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Article
August 1992

Faces Going Up in SmokeA Dermatologic Opportunity for Cancer Prevention

Author Affiliations

Department of Dermatology Boston University School of Medicine 80 E Concord St, C-3 Boston, MA 02118

Arch Dermatol. 1992;128(8):1106-1107. doi:10.1001/archderm.1992.01680180100014
Abstract

Melanoma/skin campaigns have brought dermatologists to the forefront of cancer prevention. But an equally important opportunity remains essentially untapped—that of dermatologists as advocates for cigarette smoking cessation.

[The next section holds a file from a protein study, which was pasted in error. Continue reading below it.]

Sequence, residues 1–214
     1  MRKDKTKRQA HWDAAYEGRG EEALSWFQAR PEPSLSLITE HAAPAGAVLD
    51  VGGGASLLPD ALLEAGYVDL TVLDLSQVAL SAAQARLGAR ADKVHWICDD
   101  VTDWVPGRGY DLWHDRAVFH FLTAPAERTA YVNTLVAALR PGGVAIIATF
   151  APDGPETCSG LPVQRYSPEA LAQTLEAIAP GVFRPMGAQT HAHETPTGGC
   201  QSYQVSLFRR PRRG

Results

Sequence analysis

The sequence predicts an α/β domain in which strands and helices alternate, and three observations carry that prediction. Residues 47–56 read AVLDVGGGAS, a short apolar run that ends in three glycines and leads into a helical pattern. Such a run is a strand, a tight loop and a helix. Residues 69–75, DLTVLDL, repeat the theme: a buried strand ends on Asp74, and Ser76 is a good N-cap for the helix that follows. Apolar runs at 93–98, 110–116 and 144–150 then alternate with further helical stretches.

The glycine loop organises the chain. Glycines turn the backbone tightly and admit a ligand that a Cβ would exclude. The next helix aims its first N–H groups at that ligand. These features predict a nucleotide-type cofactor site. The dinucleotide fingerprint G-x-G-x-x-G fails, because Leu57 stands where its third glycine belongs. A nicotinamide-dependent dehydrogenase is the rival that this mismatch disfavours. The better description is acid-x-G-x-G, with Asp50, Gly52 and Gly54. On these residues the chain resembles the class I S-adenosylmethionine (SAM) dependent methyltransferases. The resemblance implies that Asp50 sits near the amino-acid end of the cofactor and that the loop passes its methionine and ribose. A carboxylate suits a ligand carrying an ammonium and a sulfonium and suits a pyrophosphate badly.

Cigarette smoking is the single most preventable cause of death and disease in our country.1 Greater than 30% of cancer-related deaths2 are due to tobacco use. America's fastest increasing cancer mortality is due to lung neoplasia in women.3 Overall, cigarettes cause a stupefying one in five American deaths.4

But why address nicotine addiction in a journal of dermatology? New data make smoking particularly relevant to dermatologic patients. By studying skin aging in 132 adult smokers and control subjects, Kadunce et al5 recently found wrinkled facial skin to be directly proportional to cigarette use (independent of age, sex, pigmentation, or sun exposure history). Specifically, persons with more than 50 pack-years history of smoking were almost five times as likely

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